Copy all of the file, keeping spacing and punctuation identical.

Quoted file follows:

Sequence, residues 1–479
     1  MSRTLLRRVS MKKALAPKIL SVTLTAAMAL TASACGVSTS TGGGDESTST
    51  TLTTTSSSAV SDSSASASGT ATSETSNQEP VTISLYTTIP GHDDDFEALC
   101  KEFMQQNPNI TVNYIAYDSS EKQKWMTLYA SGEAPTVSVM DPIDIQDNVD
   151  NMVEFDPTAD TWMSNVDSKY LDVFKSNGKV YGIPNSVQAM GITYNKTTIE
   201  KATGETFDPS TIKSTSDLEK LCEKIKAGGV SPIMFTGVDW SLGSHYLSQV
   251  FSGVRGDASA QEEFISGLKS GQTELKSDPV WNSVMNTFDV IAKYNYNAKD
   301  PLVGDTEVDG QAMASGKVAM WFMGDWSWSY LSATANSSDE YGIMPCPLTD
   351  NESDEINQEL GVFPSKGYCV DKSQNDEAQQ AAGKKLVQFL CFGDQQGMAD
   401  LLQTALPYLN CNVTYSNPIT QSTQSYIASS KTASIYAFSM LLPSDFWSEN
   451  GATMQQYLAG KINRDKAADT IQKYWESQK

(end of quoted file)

Sequence, residues 1–479
     1  MSRTLLRRVS MKKALAPKIL SVTLTAAMAL TASACGVSTS TGGGDESTST
    51  TLTTTSSSAV SDSSASASGT ATSETSNQEP VTISLYTTIP GHDDDFEALC
   101  KEFMQQNPNI TVNYIAYDSS EKQKWMTLYA SGEAPTVSVM DPIDIQDNVD
   151  NMVEFDPTAD TWMSNVDSKY LDVFKSNGKV YGIPNSVQAM GITYNKTTIE
   201  KATGETFDPS TIKSTSDLEK LCEKIKAGGV SPIMFTGVDW SLGSHYLSQV
   251  FSGVRGDASA QEEFISGLKS GQTELKSDPV WNSVMNTFDV IAKYNYNAKD
   301  PLVGDTEVDG QAMASGKVAM WFMGDWSWSY LSATANSSDE YGIMPCPLTD
   351  NESDEINQEL GVFPSKGYCV DKSQNDEAQQ AAGKKLVQFL CFGDQQGMAD
   401  LLQTALPYLN CNVTYSNPIT QSTQSYIASS KTASIYAFSM LLPSDFWSEN
   451  GATMQQYLAG KINRDKAADT IQKYWESQK